What causes your teeth to become stained?

Have you ever wondered why your teeth become stained even after regular brushing? Do you know what lifestyle factors can lead to tooth staining? Are you looking for ways to remove staining and get whiter looking teeth? In this blog, we’ll look at the anatomy of the tooth and what causes teeth to be stained as well as what you can do to reverse the effects.

Extrinsic teeth staining

This is staining on the outer surface of your teeth and these stains are caused by pigmentation in the food and drinks that we consume. Over time the effect of this staining gets worse as the staining builds up on the enamel layer of our teeth. Extrinsic staining is caused by wine, carbonated drinks, tea, coffee and tobacco. While this discolouration is hard to avoid it is also one of the easiest to get rid of.

Intrinsic stains

While extrinsic staining can be found on the outer layer of your teeth, intrinsic affects the inner layers of your teeth such as the dentine. This staining will cause your teeth to become yellow and discoloured. Intrinsic staining is usually caused by health-related conditions such as:
• Tooth decay at the gumline
• Trauma to the tooth causing nerve damage
• Genetics
• Too much fluoride consumption when young

Discolouration with age

As we get older cracks in the enamel of teeth can allow staining to penetrate from the enamel to the layers below such as the dentine. Even without these cracks as the enamel wears it will become thinner and allow the dentine below to show through. Dentine becomes naturally yellow with age causing your teeth to look discoloured as you get older.


People who smoke a pack of cigarettes a day are six times more likely to suffer from gum disease than those who don’t. Those who smoke will also find it a lot more difficult to recover from this as they will have slower healing compared with non-smokers.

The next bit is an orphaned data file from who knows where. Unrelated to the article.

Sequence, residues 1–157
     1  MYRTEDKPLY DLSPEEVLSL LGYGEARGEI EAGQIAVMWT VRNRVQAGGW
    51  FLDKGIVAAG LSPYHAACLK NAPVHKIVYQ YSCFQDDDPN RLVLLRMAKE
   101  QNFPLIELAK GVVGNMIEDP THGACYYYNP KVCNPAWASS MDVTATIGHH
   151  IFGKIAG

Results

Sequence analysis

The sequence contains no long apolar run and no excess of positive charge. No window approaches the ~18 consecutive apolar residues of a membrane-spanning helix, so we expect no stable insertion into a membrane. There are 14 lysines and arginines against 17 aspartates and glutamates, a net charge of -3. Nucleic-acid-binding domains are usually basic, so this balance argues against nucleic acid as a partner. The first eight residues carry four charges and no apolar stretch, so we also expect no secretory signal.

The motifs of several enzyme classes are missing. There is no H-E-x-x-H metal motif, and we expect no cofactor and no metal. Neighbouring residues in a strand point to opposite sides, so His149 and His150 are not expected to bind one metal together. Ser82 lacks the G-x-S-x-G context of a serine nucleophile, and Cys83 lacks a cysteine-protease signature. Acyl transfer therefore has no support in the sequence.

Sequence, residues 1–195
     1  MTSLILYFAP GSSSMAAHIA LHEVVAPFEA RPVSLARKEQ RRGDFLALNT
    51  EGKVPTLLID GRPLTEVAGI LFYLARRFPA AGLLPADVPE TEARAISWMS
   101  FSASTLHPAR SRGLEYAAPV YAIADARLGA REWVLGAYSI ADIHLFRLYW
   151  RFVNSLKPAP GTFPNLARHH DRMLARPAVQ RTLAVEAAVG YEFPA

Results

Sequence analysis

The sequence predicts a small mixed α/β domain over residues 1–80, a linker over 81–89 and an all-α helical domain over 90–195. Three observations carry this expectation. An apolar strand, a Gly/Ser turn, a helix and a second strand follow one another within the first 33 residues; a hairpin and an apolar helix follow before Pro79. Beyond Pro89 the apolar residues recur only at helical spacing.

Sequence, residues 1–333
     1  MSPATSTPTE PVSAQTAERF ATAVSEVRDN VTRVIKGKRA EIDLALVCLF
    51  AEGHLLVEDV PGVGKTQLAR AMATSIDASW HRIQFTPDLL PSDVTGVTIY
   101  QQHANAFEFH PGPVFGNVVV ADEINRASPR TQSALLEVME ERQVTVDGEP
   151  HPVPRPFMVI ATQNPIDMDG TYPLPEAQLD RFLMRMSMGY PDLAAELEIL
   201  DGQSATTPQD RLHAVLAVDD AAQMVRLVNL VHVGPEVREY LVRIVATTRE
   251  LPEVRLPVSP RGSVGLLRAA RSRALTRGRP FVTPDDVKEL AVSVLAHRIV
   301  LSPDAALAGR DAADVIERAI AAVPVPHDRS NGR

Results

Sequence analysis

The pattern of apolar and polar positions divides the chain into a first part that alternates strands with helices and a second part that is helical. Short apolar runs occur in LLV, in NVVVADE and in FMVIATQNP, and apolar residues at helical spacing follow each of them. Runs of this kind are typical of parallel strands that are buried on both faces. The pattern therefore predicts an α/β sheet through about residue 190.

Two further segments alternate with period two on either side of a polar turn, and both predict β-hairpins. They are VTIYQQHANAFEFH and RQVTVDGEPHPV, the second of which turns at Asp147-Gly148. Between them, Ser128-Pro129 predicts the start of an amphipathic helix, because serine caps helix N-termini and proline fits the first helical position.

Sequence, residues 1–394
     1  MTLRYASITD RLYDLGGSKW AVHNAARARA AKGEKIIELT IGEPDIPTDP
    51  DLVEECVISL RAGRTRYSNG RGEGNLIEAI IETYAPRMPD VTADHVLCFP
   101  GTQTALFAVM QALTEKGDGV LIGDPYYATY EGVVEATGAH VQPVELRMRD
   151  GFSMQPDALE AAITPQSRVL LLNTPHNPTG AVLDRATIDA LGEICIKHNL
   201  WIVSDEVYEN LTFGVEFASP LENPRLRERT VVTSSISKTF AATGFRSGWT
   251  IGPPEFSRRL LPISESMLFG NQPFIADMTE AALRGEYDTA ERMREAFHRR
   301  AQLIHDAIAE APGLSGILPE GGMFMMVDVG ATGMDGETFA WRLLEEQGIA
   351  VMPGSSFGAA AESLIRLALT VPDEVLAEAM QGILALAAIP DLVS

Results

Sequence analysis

Anatomy of a tooth

Your teeth are made up of 4 layers with the top two layers responsible for the colouration of your teeth. The four layers are:
• Enamel – this is the hard outer layer that protects your teeth from decay
• Dentine – is made up of living tissue which communicates with the nerve of your teeth
• Pulp – the soft centre of the tooth consists of nerves, blood vessels and connective tissue
• Cementum – this binds your teeth with your gums and jawbone

How to reverse discolouration

The first step is to understand the cause of your tooth discolouration. Your dentist will be able to carry out a full assessment and health check of your teeth to identify what the best course of action will be.
For extrinsic staining, a visit to your dental hygienist will often be the first step to visibly whiter teeth. Following a thorough clean you may then decide to improve the colour further with a professional tooth whitening service. This will work on natural teeth which are not discoloured for reasons other than food, tobacco or drink staining.

Intrinsic staining is a little different. Depending on why your teeth have been stained there will be different options for you to choose from. If your teeth are otherwise healthy then a bleaching agent can be used on the dentine layer of your tooth to provide the whitening that you’d like. Where this option is not able to be used then you may need to look at other cosmetic options such as composite or porcelain veneers.

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